2: Identify what type of assistance is needed.
- Does the person require mobility assistance or assistance with activities of daily living such as lift assistance, feeding, toileting, or medication administration? If you answered “yes”, are you comfortable with performing these tasks safely? If you answered “no” then assistance is recommended for air travel.
- Does the person have dementia-related behaviors? If the answer is “yes”, are they currently under a physicians care and taking prescription medications to help reduce anxiety, depression, or aggressive behavior? Are you able to assist with the administration of these medications? If you answered “no” then assistance is recommended for air travel.
3: Determine if special equipment is required.
- Does the person require the use of a walker or wheelchair? If you answered “yes”, make sure to contact the disabilities department with the individual airline company to let them know wheel chair assistance is required.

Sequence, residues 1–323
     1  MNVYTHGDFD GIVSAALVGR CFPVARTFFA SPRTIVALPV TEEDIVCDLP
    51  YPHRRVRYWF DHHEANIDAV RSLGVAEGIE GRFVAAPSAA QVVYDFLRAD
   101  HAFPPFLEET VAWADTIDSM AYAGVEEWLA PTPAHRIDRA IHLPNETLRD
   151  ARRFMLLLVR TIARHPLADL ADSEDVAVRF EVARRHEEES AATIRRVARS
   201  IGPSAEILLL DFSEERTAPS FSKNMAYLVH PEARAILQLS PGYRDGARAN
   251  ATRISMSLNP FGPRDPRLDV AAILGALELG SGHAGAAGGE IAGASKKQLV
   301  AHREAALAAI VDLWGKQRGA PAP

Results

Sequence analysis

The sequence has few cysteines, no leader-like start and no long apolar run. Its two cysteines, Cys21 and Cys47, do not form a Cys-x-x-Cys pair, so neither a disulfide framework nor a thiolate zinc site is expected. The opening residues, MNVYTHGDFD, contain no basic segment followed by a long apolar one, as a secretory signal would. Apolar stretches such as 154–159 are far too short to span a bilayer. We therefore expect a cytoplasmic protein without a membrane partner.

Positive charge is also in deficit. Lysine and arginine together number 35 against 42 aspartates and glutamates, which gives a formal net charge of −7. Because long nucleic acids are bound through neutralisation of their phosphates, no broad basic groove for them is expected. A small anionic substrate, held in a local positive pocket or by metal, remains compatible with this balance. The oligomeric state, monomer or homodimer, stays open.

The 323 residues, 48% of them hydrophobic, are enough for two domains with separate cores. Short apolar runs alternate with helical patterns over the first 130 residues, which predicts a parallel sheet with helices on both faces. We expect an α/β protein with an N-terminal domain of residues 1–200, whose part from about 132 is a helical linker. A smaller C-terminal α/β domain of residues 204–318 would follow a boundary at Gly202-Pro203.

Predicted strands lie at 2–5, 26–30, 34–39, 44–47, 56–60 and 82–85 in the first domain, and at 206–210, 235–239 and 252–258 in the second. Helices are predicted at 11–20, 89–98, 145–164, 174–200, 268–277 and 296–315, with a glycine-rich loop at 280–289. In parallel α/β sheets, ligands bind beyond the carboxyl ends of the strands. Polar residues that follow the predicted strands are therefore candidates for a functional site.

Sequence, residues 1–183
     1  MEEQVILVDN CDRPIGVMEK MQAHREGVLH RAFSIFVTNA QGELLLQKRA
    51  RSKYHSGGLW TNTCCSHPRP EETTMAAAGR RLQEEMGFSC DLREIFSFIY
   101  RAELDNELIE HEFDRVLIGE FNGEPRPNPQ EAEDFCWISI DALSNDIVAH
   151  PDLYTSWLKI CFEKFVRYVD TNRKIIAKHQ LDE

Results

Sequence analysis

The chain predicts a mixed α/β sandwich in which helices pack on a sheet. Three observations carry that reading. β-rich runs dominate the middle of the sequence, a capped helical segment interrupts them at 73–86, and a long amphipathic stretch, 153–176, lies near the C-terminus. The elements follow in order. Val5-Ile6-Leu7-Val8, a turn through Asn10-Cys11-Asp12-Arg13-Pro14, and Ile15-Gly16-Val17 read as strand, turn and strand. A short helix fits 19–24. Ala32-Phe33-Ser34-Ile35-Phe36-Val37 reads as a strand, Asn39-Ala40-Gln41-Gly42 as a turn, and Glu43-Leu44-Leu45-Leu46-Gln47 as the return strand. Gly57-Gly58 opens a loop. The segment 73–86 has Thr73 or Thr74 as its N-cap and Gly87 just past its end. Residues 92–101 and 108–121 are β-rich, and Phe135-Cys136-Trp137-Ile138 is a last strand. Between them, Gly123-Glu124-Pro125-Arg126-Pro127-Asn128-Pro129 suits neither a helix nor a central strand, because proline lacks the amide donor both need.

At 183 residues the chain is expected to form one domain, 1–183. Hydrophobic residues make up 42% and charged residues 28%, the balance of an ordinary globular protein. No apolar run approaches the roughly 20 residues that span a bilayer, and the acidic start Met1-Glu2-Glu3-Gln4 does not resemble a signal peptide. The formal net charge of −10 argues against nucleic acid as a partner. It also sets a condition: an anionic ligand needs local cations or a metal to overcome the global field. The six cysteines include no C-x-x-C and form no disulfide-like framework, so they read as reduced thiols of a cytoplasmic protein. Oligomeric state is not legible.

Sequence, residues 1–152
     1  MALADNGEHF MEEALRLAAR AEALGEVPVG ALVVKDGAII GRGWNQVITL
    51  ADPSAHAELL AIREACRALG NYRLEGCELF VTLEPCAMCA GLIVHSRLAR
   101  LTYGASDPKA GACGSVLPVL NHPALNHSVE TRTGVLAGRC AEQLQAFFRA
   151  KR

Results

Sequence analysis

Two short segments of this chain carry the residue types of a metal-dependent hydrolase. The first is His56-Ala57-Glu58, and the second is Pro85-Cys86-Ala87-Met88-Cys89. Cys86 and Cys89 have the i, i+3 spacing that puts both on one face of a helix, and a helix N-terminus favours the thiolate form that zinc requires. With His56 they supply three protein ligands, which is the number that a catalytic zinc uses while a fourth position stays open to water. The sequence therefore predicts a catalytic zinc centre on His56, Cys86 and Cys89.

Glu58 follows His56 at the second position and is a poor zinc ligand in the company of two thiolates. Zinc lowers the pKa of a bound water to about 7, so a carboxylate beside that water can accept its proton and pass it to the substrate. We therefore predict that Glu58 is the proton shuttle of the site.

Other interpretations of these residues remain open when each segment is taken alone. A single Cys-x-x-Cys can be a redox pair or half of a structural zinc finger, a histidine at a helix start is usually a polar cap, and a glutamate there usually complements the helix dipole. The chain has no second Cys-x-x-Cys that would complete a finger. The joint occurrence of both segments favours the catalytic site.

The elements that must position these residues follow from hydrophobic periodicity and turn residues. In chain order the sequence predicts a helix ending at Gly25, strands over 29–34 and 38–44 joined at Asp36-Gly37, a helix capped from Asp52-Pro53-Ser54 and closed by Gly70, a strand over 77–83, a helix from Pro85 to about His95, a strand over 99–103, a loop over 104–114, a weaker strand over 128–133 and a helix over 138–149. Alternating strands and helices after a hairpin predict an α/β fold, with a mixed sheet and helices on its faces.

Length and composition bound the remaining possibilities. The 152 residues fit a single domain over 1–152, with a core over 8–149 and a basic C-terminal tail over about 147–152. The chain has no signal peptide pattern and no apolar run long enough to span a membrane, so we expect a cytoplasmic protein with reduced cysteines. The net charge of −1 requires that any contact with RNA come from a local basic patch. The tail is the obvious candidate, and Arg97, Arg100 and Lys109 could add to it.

- Does the person require the use of supplemental oxygen or require the use of a portable oxygen concentrator (POC)? If you answered “yes”, be sure to fill out a copy of the airline specific Physician’s Consent Form located on the chosen airlines’ website. This form must be completed and signed by the passenger and passenger’s physician and carried with you. In some cases, such as for international travel, prior approval must be obtained a minimum of 72 hours in advance. Check with the individual airline requirements to verify the approval process.
4: Identify whether you are capable of assisting this person yourself.
- How familiar are you with the person you are trying to assist?
- Have you recently spent time with this person? Do they recognize you?
- How familiar are you with where they are in the disease process?
- Do you feel comfortable dealing with symptom management if the need arises?